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NTSB DETERMINES THAT FAILURE TO EXECUTE PUBLISHED INSTRUMENT APPROACH PROCEDURE CAUSED HENDRICK MOTORSPORT PLANE CRASH



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                      NTSB PRESS RELEASE
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National Transportation Safety Board
Washington, DC 20594

FOR IMMEDIATE RELEASE: February 7, 2006

SB-06-07

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NTSB DETERMINES THAT FAILURE TO EXECUTE PUBLISHED INSTRUMENT 
APPROACH PROCEDURE CAUSED HENDRICK MOTORSPORT PLANE CRASH 

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Washington, DC -- The National Transportation Safety Board 
determined today that the probable cause of the crash of a 
Beech King Air operated by Hendrick Motorsports in Stuart, 
Virginia was the flight crew's failure to properly execute 
the published instrument approach procedure.  Contributing 
to the cause of the accident was the crew's failure to use 
all navigational aids to confirm and monitor the airplane's 
position during the approach.

On October 12, 2004, a Beech King Air aircraft transporting 
eight passengers, including Hendrick Motorsports employees, 
and two flight crewmembers collided with mountainous terrain 
during a missed approach to Martinsville/Blue Ridge Airport, 
Martinsville, Virginia.  All 10 persons aboard the airplane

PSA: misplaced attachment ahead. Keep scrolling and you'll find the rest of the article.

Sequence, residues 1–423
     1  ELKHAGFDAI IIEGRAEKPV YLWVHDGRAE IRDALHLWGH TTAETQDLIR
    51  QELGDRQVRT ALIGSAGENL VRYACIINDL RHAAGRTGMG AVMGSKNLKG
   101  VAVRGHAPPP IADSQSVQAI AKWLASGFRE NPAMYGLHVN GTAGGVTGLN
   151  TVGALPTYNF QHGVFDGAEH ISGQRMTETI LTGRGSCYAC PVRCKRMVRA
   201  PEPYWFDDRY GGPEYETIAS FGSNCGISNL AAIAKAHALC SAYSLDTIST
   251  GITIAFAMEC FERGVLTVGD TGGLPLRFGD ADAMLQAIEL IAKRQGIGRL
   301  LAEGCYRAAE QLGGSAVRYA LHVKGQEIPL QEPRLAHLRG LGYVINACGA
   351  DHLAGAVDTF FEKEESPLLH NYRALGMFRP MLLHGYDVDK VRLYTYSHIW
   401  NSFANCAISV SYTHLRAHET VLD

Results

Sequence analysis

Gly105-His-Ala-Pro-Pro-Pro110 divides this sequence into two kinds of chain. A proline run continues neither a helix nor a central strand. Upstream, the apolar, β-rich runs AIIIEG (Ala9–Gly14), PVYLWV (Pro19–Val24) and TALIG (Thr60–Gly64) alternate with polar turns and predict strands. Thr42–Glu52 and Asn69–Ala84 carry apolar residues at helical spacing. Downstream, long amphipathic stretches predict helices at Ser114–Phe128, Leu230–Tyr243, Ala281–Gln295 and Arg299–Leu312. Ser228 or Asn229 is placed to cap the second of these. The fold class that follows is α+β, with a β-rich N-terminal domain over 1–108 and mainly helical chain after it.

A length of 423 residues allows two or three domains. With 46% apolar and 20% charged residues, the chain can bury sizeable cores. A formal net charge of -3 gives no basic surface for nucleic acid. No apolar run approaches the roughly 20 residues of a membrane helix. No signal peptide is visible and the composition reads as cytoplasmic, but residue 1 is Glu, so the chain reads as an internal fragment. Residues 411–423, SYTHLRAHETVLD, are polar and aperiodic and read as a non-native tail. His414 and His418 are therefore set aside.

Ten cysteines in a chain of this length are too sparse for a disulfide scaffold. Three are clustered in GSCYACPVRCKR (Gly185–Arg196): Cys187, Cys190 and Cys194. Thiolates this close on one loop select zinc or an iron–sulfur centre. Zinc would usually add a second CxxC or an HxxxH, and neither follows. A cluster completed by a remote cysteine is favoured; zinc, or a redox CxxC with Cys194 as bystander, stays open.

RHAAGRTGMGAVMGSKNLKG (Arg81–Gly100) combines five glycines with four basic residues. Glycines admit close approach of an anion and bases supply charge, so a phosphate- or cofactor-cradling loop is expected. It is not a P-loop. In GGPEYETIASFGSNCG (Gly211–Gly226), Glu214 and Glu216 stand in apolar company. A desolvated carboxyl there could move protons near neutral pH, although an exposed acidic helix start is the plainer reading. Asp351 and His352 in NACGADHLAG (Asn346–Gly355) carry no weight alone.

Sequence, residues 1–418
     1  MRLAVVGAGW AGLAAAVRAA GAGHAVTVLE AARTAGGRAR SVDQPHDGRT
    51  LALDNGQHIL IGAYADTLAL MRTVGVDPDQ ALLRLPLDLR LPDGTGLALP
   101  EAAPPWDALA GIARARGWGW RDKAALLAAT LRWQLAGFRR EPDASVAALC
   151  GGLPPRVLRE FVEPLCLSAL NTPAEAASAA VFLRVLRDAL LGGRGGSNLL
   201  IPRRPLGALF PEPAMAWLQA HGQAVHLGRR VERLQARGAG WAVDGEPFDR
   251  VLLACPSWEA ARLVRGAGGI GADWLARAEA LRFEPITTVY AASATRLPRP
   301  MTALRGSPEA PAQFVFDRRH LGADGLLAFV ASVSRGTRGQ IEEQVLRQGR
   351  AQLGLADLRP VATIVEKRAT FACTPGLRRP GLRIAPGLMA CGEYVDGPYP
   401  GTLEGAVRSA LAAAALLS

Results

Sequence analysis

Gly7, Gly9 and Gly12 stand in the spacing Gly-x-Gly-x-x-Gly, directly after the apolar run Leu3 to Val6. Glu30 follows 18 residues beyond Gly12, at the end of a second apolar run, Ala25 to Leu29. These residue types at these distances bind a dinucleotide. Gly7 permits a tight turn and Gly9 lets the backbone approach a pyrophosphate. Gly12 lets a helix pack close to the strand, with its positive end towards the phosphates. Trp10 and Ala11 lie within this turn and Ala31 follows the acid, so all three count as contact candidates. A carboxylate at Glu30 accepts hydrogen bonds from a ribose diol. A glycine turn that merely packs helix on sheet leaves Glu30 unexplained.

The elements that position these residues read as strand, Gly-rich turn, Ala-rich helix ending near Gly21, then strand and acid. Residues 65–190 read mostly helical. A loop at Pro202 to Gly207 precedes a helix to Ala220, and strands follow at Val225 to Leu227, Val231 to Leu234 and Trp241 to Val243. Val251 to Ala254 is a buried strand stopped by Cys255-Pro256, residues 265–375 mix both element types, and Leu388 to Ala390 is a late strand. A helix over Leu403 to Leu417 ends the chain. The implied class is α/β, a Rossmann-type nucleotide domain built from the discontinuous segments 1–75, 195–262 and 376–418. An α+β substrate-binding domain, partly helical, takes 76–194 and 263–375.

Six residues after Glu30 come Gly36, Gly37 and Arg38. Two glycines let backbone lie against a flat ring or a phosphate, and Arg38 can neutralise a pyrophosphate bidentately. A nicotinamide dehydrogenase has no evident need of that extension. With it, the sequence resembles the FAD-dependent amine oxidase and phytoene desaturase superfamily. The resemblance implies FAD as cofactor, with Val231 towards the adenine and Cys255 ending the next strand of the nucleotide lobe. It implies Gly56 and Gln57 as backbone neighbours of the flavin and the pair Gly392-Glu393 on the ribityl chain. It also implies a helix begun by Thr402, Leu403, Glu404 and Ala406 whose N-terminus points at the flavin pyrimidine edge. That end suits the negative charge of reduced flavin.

died and the aircraft was destroyed by impact forces and a 
post crash fire.    

The flight departed Concord Regional Airport, Concord, North 
Carolina, operating on instrument flight rules.  Radar data 
shows that, after the plane was cleared for landing for a 
localizer runway 30 approach at Martinsville Airport, the 
plane did not descend at the proper point.  About seven 
miles beyond the airport, the airplane initiated a straight-
ahead climb.  The airplane's radar target was lost.  

The missed approach should have occurred over the 
Martinsville Airport by executing a climbing right turn.  
The airplane was not equipped with a ground proximity 
warning system.

"The approach and missed approach procedures provide for 
safe operation in instrument weather conditions," said NTSB 
Acting Chairman Mark V. Rosenker.  "It is imperative that 
pilots use all available navigational aids to ensure that 
the approach is properly flown." 
A synopsis of the report can be found on the Board's 
website, www.ntsb.gov.

Contact:                Terry N. Williams
                        202-314-6100
                        williat@xxxxxxxx 
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